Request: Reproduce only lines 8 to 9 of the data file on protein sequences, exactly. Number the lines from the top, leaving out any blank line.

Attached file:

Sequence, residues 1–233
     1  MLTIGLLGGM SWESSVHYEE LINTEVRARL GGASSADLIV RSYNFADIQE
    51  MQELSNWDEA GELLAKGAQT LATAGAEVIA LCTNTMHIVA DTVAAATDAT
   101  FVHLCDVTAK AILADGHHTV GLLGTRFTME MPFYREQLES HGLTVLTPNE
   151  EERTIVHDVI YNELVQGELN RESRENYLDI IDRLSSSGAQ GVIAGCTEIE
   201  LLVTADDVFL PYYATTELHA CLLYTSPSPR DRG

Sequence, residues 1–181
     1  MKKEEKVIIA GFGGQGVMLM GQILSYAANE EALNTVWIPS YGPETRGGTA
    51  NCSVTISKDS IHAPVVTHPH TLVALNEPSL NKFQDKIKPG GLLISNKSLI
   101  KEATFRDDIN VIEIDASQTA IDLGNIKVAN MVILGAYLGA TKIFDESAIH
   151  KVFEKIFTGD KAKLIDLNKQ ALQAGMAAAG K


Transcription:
     1  MKKEEKVIIA GFGGQGVMLM GQILSYAANE EALNTVWIPS YGPETRGGTA
    51  NCSVTISKDS IHAPVVTHPH TLVALNEPSL NKFQDKIKPG GLLISNKSLI